leave a comment --Robert Pardi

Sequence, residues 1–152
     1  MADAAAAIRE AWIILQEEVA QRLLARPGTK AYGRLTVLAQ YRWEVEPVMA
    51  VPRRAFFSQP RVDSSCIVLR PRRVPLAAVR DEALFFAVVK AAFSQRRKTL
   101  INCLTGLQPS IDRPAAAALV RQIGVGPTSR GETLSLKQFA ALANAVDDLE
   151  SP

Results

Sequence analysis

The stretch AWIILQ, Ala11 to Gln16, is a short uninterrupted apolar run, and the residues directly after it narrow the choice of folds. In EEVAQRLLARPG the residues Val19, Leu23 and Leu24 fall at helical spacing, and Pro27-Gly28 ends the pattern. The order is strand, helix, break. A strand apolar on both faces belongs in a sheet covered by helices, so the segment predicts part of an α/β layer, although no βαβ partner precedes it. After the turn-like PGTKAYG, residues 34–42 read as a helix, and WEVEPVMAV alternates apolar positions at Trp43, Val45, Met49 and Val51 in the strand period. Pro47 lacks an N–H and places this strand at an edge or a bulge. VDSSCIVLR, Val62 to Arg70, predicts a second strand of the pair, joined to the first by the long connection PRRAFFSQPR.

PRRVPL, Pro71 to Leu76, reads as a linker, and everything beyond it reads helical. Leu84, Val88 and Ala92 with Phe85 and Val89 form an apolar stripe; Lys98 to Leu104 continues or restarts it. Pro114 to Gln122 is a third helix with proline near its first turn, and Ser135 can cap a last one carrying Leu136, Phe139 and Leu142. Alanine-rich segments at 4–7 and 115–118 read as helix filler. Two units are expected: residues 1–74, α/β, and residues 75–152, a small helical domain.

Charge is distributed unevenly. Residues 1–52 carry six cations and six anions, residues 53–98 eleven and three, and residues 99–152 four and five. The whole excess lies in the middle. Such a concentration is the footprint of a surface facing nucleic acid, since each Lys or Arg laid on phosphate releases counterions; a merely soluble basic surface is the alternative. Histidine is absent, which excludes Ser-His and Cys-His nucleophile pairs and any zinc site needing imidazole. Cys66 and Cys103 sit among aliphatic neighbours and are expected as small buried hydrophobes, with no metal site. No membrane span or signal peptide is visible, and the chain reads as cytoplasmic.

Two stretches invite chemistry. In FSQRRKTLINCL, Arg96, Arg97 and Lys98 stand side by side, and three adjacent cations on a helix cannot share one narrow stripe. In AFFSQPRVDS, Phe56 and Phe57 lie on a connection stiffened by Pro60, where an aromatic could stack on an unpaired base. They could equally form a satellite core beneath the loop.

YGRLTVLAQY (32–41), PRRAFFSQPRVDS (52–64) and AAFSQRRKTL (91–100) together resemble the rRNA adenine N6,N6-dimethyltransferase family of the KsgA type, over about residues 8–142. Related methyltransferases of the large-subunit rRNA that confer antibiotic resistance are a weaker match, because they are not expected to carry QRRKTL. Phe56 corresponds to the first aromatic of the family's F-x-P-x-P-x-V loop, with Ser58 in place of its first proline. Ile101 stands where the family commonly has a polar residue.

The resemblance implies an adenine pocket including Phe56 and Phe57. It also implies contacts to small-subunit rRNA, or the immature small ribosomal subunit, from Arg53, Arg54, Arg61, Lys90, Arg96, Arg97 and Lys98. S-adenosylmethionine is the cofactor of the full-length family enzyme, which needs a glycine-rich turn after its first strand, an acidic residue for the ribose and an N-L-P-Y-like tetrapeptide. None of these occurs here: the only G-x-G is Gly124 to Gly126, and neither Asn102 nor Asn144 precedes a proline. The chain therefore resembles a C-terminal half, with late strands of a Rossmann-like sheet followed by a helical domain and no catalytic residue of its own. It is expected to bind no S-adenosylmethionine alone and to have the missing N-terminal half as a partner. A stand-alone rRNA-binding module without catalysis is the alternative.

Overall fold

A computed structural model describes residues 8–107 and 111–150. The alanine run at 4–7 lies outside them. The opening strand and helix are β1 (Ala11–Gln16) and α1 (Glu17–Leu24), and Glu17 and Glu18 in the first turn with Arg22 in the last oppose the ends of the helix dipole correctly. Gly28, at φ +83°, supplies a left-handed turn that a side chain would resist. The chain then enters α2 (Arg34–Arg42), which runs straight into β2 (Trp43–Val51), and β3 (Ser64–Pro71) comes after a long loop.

Coming down squarely on the side of the angels, this factual drama revisits the landmark Supreme Court decision in the case of Sipes vs. McGhee, which barred racist covenants from home-sale contracts. Blue-collar worker Benjamin Sipes (Bruce Greenwood) has more in common with Mac McGhee (Roger Guenveur Smith) than he initially realizes. In post-World War II Detroit, both men move their struggling families into an all-white neighborhood. Sipes, who's Caucasian, finds grudging acceptance; McGhee, who's African-American, finds a burning cross on his lawn. Despite the bigotry of her neighbors and her upwardly mobile husband's censure, Anna Sipes (Linda Hamilton) develops a strong friendship with Mac's wife Minnie (Lynn Whitfield). Meanwhile, their wealthy fellow residents decide to play legal hardball to get the McGhees out, and use Sipes as a front. After losing preliminary rounds in court, the McGhees press on with appeals, and Sipes comes to realize that he's been exploited. Severing all ties with his racist peers, Sipes lends his support the McGhees' cause. More admirable than impassioned, this TV movie transforms a trenchant history lesson into a cut-and-dried lawyer's summation. Greenwood does his usual superb job with the film's one complex role, while Whitfield and Hamilton manage to earn audience sympathy despite their paper-thin parts. Given the restrictions of the format, the unchallenging manner in which writer Kathleen McGhee-Anderson, granddaughter of the real Mac McGhee, sets up her grandparents' obstacles comes as no surprise. But her reduction of the villains to stereotypes and total ennobling of the heroic McGhees rob this social equity saga of vitality; the undeniable valor of Mac and Minnie McGhee entitled them to a more invigorating replay of their hardships.